About eighteen months ago we commissioned research on the supply of new residential developments in the Central London property market. The problem was that, while it was obvious from the acres of advertising in the property pages of every newspaper that there was plenty of supply coming down the line, information on the actual amount was thin on the ground. Estate agents’ research departments were understandably coy on the matter as their developer clients would not be over the moon to have any perceived oversupply highlighted. The objective, as far as we were concerned, was to shed some light, aiming to be roughly right – rather than precisely wrong. Information was always going to be imperfect as getting accurate intelligence on sales from developers was not a realistic proposition. Equally, there would be dozens of different definitions of the words ‘Prime’, ‘Central’ and ‘London’. We worked with Dataloft, our research company, and set about the analysis as follows.
The ‘London’ that we are researching is divided into two, ‘Prime London’ and ‘Prime Central London’ and organized by postcode. In very rough terms ‘Prime London’ goes as far west as Earl’s Court, as far north as Regent’s Park, as far east as Tower Bridge and includes the South Bank of the Thames.
The ‘Prime Central London’ area includes Mayfair, Marylebone (W1J&K) Knightsbridge, Belgravia, St James’s (SWIA&W&X), Chelsea (SW3), South Kensington (SW7) and West Chelsea (SW10). It also includes Notting Hill (W11), Kensington (W8) and Bayswater (W2) as well as St Johns Wood (NW1) and Regent’s Park (NW8).
The research is taken from publicly available planning information and is divided into three parts:
- Developments that are in the planning process – but do not yet have planning permission.
- Schemes with planning permission but which are not yet underway.
- Schemes under construction.
It does not include any development with under five units – which will under-report what is going on in the ‘Prime Central London’ area as the capacity there for large projects is limited and many will take the form of converting older houses. It should also be noted that the definition of ‘Prime London’ excludes anything in Docklands or Wimbledon – which again will under-report the size of the wider development pipeline.
It needs to be emphasized, however, that getting planning permission does not necessarily mean that a project will be built out. We have heard of a number of schemes that have been mothballed or reconceived as offices: the shortage of office space (caused by residential conversions) has resulted in rents skyrocketing along with capital values. As previously mentioned, it is also difficult to know what has already been sold – so it would be wise to make some conservative assumptions.
First, the raw data. If all the units within our definition of ‘Prime London’ and ‘Prime Central London’ achieve planning permission and get built, there will be 54,360 new units over the next few years. This figure hasn’t changed much in 18 months.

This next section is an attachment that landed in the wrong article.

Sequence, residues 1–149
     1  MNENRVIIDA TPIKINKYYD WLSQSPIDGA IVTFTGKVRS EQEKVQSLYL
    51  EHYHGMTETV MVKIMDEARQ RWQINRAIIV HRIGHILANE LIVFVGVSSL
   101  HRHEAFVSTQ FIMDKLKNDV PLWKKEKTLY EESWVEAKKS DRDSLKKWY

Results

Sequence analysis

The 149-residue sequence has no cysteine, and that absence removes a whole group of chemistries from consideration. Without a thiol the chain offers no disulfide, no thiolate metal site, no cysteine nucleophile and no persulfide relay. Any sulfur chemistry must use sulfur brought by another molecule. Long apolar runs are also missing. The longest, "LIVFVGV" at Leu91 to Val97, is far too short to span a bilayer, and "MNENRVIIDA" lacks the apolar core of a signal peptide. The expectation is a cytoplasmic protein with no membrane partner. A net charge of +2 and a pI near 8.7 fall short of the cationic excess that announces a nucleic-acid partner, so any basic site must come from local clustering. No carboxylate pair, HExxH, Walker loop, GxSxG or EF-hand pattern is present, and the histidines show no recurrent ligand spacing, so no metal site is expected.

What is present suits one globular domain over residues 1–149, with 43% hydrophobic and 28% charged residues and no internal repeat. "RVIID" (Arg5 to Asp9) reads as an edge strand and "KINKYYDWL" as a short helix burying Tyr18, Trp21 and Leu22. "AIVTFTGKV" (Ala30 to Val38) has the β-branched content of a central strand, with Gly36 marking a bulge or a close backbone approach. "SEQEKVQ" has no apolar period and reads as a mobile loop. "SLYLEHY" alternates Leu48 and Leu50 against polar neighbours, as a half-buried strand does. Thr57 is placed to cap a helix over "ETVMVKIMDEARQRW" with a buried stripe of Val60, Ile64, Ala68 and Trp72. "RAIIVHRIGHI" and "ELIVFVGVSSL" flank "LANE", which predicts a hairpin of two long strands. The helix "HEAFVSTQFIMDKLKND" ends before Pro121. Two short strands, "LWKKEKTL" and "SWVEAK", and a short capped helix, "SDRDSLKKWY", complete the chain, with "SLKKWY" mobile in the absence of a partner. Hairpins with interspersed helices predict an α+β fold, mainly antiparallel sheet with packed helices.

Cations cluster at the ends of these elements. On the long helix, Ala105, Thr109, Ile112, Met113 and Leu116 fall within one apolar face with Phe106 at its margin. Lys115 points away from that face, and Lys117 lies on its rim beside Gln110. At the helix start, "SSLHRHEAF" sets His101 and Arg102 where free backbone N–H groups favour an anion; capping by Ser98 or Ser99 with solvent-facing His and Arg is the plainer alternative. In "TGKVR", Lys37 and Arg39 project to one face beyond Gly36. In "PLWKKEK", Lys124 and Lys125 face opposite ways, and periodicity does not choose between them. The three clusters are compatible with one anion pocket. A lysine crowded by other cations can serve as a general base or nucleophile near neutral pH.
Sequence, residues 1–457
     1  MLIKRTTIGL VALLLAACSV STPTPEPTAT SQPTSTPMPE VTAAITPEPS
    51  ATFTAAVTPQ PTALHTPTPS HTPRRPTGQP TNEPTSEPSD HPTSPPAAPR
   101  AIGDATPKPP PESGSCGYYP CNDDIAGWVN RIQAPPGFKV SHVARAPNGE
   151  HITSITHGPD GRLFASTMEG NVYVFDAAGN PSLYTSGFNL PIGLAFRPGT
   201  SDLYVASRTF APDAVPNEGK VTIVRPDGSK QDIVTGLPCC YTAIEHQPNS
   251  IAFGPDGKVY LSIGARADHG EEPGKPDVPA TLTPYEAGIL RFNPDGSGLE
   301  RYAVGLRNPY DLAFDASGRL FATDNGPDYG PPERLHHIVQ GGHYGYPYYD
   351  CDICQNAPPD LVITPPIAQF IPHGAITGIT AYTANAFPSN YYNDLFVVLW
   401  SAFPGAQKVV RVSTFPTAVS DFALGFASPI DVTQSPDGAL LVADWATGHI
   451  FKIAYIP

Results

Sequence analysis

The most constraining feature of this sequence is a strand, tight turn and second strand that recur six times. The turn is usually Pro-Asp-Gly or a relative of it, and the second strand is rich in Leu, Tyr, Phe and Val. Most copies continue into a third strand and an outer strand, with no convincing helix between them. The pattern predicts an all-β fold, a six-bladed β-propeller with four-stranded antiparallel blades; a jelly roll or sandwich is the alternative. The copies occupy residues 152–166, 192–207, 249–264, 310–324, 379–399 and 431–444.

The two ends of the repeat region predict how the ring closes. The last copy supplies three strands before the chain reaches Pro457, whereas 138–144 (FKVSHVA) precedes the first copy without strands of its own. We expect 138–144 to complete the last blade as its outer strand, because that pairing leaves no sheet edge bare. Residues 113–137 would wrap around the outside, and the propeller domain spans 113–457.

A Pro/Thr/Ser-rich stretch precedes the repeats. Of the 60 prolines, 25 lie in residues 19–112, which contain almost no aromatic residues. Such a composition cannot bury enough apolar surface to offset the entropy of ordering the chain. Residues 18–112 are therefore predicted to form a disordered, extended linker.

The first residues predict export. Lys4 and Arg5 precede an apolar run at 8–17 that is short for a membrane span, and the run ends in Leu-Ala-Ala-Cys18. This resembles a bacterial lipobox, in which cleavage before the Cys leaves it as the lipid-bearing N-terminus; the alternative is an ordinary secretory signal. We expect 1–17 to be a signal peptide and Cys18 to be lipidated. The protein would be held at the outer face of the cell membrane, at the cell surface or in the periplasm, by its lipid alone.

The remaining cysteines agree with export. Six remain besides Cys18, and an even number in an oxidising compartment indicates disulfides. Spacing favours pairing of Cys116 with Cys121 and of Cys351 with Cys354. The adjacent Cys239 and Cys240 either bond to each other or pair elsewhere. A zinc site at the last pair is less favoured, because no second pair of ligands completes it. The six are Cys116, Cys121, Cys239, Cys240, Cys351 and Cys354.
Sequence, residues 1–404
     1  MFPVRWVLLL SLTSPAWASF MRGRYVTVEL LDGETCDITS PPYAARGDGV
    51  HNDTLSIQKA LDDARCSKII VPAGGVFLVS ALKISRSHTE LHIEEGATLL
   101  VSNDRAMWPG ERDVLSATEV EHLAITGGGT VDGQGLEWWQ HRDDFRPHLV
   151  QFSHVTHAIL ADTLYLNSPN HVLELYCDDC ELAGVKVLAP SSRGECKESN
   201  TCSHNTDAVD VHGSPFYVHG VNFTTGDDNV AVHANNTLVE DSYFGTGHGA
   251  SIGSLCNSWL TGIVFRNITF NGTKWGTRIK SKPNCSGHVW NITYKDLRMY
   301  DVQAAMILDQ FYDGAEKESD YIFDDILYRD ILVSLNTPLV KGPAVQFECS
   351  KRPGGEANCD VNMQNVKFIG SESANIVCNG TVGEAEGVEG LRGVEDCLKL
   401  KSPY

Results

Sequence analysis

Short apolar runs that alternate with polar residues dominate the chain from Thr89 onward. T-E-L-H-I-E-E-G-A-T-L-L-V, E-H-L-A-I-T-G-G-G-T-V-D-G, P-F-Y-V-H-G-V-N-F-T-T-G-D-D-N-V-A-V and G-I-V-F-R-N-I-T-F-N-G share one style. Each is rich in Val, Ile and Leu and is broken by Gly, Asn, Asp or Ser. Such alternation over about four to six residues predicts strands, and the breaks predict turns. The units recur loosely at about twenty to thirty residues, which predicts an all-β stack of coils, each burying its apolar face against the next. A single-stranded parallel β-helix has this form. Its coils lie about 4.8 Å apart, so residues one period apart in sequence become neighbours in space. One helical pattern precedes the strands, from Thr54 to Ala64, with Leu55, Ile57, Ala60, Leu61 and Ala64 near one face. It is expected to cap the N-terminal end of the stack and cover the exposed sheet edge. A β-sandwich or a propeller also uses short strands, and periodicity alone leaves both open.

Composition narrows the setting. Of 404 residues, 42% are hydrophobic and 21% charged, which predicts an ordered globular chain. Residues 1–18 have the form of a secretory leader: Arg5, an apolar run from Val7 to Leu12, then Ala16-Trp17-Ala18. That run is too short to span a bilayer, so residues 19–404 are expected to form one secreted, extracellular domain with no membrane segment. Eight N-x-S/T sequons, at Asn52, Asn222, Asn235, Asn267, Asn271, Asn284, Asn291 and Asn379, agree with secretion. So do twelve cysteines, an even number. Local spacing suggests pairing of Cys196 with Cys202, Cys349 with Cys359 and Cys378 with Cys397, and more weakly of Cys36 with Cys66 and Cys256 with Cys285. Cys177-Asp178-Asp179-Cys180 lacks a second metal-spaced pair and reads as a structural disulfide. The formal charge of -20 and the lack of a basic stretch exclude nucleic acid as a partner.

In the wider ‘Prime London’, which accounts for 47,877 units; •
- 10% are in the application stage (4,788)
- 54% have planning permission (25,853)
- 36% are under construction (17,236)
In ‘Prime Central London’, which consists of 6,482 units, the split between planning application and construction is broadly the same, with:
- 17% in the planning process (1,102)
- 53% with permission (3,436)
- 30% under construction (1,944)
These are big numbers. In order to try and make it as conservative as possible we have applied the following assumptions:
- A third of the planning applications fail to get permission.
- A third of those with planning permission don’t get built.
- A third of the remainder with planning or under construction are already sold.
The figures would then be 26,133 for ‘Prime London’ and 3,565 for ‘Prime Central London’.
Are these still big numbers? The Land Registry has supplied data for what was sold last year in broadly the second-hand market at over a unit price of £700k. We say broadly because their figures are for properties that have actually completed: they won’t include purchases of a new build where the buyer is paying by installments, or where such a purchaser sells on their contract. It also has to be said that 2015 was a pretty dismal year for the London market which was hit by an election, SDLT increases, changes to Non-Dom status, Enveloped Property Taxation and the Mortgage Market Review. However, none of these are going away soon and it is as good a snapshot of the second-hand market as we are going to get.
The actual numbers for the second-hand market are 2,151 for ‘Prime Central London’ and 4,870 for ‘Prime London’. The gap between the pipeline of new stock and the annual second-hand market in the wider area is large – very large.
So, what conclusion should you draw from this? Certainly not that the whole market is under a cloud of oversupply. If you go out and try to buy a nice 2/3 bedroom flat in Chelsea or South Kensington you won’t find much to look at; this remains a tightly held market with mainly discretionary sellers. In the big regeneration areas it is another matter – and you will have to buy the very best – or very cheaply – to make a success of it. And there are some excellent schemes out there – alongside some that are truly awful. The word ‘Prime’ has become overused in recent years, alongside ‘iconic’. As the market adjusts, their real meaning will become apparent and those who believed the developers’ hyperbole may wish they had taken more time – and advice.